Inspired by the reality TV series, The Amazing Race, the community of Kwantlen First Nation hosted its own race competition that blended culture, tradition and community spirit.
The day-long event was supported through the FNHA's Indigenous Peoples Day of Wellness Grants and occurred on June 21. There were 21 teams of two that participated in the race itself, with close to 30 volunteers and a community full of spectators who also took part to make this event a success.
To keep everyone safe, physical distancing measures were put into place, including a limit of people per station. Additionally, wearing a mask was mandatory and sanitation was also provided at each station.
Kwantlen Pride was evident at each challenge
With a flip of a coin, heads or tails, it was decided which team member would eat the head or the tail of an eulachon fish. This is the kind of challenge that teams encountered, staying true to the traditional way of the Kwantlen people.
Teams that participated in the race were timed as they completed 11 challenges that focused on themes of knowing the language and culture. In one challenge, participants needed to match the reserve lands on a map. Another required them to memorize a bingo card in the Halq'emeylem language.
The intensity and competitive nature of the race didn't stop the community, volunteers and racers from enjoying some laughs and creating great memories along the way.
A great community effort for a day of laughs and joy
The wellness event organizer, Carrie Mitchell, Education and Safety Coordinator with the Kwantlen First Nation, said that the event took more than a month of planning and preparation.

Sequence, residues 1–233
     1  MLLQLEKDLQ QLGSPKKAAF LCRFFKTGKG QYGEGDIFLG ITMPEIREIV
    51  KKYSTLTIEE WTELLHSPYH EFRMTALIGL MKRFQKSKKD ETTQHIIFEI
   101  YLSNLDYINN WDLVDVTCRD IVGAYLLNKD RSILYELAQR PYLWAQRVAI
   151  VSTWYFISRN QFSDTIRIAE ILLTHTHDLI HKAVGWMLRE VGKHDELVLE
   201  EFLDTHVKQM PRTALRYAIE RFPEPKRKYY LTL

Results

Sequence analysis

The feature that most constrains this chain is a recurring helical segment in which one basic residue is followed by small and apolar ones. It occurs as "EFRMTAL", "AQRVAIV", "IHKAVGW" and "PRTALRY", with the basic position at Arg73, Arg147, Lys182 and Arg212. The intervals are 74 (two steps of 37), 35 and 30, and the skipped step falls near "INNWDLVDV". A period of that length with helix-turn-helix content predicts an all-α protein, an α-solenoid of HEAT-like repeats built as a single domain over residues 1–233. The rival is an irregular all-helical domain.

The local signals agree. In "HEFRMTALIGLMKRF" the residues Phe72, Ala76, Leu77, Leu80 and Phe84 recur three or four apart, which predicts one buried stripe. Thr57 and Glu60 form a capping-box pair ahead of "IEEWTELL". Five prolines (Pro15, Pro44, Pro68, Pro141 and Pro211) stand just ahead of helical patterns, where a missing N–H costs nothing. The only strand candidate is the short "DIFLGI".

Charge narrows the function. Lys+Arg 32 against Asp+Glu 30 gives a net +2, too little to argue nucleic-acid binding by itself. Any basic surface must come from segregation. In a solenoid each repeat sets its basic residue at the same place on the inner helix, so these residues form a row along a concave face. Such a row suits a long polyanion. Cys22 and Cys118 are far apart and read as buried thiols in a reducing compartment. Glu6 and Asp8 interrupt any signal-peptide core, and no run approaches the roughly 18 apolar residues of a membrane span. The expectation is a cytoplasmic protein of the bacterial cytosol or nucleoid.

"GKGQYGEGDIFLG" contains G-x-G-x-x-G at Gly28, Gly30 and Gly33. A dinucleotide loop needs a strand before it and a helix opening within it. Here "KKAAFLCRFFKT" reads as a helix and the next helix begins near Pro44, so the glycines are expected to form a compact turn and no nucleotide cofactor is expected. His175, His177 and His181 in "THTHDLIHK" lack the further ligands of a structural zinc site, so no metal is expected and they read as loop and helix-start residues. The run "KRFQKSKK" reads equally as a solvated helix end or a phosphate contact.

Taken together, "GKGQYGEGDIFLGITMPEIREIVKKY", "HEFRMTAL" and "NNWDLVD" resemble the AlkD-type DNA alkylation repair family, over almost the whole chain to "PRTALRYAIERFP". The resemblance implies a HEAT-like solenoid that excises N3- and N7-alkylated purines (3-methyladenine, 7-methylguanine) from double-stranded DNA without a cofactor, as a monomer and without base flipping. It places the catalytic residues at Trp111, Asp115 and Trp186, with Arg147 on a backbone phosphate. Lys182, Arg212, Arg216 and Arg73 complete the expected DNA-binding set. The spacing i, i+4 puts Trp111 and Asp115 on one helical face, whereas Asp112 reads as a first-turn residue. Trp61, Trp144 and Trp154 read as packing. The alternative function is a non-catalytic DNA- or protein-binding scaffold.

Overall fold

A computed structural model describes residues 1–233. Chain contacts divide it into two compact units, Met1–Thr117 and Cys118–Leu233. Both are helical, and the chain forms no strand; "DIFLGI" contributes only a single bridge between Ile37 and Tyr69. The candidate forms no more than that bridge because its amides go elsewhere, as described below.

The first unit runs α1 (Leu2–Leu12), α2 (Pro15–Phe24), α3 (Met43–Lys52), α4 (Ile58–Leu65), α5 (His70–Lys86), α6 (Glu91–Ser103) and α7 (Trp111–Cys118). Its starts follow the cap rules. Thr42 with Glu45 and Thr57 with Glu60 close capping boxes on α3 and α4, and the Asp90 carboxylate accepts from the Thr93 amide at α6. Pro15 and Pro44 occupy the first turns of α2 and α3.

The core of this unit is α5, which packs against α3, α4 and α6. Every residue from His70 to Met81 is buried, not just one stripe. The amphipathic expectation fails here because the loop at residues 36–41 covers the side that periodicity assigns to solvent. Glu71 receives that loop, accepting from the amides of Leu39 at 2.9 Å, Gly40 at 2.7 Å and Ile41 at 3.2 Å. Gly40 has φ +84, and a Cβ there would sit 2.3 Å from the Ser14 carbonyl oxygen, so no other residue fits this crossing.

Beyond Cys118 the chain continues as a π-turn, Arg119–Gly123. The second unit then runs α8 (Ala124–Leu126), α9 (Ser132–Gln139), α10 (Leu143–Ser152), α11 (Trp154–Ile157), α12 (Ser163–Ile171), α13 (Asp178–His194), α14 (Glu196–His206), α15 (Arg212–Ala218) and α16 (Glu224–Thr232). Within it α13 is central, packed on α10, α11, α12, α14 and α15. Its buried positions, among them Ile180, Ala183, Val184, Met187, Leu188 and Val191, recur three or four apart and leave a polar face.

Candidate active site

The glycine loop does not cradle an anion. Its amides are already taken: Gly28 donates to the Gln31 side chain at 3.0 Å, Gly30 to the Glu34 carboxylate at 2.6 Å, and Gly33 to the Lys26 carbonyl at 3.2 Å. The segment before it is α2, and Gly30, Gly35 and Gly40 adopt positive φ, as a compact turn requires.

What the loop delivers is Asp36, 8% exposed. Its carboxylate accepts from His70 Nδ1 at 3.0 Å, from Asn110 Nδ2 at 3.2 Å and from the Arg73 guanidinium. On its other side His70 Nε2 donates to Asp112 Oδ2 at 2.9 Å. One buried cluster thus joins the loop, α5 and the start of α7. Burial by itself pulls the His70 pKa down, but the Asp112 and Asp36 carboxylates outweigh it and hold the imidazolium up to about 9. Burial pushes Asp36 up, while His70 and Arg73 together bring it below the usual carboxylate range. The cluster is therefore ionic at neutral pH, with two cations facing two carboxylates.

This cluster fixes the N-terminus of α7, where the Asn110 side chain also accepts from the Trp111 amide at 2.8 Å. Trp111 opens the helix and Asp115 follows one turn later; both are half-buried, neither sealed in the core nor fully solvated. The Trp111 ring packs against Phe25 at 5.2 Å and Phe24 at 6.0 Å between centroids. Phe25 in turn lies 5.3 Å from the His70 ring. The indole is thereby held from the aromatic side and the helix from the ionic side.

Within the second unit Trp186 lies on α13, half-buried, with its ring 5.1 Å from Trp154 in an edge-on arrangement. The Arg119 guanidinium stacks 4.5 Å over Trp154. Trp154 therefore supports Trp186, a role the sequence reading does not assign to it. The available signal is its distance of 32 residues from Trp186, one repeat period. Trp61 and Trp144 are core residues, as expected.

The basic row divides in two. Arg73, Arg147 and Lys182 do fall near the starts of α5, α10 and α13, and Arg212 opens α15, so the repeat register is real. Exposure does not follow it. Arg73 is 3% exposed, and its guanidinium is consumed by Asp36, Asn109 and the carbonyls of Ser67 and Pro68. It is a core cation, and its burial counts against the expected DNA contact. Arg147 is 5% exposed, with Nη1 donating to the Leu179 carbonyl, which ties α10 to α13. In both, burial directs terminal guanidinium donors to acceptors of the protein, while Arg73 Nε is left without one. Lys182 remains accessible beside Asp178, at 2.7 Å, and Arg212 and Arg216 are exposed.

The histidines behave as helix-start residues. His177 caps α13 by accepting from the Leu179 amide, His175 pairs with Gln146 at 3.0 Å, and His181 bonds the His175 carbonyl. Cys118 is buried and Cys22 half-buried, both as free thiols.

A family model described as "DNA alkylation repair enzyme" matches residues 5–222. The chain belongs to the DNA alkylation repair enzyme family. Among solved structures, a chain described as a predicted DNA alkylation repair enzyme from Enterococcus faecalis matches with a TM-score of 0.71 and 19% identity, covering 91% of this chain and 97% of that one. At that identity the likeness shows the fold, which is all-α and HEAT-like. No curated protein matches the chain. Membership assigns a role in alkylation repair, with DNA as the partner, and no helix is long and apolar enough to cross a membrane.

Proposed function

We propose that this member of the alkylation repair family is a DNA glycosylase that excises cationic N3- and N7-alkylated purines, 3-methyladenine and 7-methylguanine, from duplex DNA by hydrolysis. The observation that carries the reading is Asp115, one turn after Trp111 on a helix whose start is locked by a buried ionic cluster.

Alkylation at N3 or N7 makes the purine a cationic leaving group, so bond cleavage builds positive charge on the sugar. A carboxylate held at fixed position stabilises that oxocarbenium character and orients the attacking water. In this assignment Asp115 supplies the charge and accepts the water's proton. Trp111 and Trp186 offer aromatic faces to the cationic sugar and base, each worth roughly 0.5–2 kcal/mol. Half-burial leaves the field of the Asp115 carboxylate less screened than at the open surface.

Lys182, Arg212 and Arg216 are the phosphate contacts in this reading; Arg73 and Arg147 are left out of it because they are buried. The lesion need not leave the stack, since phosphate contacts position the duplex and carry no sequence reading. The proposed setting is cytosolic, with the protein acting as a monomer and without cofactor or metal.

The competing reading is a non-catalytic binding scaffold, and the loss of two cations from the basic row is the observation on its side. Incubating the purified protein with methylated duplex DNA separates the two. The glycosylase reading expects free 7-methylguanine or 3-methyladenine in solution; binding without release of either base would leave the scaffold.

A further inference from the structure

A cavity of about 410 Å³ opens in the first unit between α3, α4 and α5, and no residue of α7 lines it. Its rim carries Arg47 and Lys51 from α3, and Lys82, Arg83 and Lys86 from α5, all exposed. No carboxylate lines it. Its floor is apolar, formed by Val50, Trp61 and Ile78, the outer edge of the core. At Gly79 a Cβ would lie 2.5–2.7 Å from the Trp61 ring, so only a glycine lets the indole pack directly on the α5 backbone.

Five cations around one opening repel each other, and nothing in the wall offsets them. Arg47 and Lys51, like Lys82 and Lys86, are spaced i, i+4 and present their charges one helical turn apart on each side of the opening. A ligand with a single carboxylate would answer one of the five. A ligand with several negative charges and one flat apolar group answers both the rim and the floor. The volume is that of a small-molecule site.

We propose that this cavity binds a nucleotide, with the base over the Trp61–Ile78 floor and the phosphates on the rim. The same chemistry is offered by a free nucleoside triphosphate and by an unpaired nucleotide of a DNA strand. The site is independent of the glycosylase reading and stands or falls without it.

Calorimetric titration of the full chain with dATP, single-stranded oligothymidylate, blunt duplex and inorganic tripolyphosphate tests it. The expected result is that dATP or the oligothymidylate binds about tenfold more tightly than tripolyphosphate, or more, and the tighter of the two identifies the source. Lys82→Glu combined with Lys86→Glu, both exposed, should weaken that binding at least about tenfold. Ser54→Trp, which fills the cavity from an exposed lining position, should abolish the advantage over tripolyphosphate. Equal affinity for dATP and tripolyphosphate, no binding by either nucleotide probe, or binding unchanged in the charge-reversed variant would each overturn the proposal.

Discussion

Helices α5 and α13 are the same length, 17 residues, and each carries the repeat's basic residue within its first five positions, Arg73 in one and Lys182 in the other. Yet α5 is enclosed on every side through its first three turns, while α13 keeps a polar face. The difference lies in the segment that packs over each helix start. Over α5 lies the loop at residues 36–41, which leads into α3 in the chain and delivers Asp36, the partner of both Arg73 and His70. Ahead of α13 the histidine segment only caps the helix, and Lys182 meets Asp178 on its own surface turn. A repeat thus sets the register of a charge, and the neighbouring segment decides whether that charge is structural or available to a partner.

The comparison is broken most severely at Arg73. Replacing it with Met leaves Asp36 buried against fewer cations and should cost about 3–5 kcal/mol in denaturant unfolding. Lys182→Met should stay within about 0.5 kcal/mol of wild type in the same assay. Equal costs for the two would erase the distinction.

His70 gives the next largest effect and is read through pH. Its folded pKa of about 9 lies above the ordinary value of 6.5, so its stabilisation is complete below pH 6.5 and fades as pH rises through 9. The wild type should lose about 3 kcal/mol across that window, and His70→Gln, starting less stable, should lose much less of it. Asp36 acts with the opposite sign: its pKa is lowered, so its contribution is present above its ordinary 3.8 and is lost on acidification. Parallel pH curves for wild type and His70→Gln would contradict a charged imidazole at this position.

Having partnerships was important for the event, and it offered a chance for the community to build more positive connections with their partners, including the Langley RCMP, School District 35, Eagle Acres Farm and Fort Historic Site.
“The race provided opportunities for community bonding," said Carrie. “Every station had stories that people wanted to share. The Elders were excited."
Everyone crossed the finish line
The race was a fun way to blend culture and fitness. The first-place team, Tank and Tootsie, completed the race in 18 minutes and 18 seconds. Even more impressive is that they completed the race with children in tow, including a newborn who required breastfeeding from Momma racer.
Second place went to a team from the Aboriginal Headstart On Reserve program named Headstart Honeys, followed in third place by a newly-wed couple Wieses Pieces. Organizers also provided a prize for best dressed to the Twisted Sisters who were wearing rainbow-coloured tutus.
The event was such a success that many community members want to see a re-match, hoping to have the race become an annual event.